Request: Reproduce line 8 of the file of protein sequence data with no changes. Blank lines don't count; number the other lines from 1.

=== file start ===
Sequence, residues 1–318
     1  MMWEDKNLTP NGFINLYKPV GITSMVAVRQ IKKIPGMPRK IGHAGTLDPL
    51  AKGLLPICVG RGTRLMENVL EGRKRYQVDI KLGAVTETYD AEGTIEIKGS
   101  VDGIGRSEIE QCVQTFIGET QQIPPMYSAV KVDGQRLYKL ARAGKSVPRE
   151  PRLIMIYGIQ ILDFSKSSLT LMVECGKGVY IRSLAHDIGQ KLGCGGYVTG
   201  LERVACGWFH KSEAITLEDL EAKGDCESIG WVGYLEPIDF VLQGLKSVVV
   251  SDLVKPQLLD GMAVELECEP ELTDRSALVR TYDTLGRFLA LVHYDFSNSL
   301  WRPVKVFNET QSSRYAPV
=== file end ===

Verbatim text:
   301  WRPVKVFNET QSSRYAPV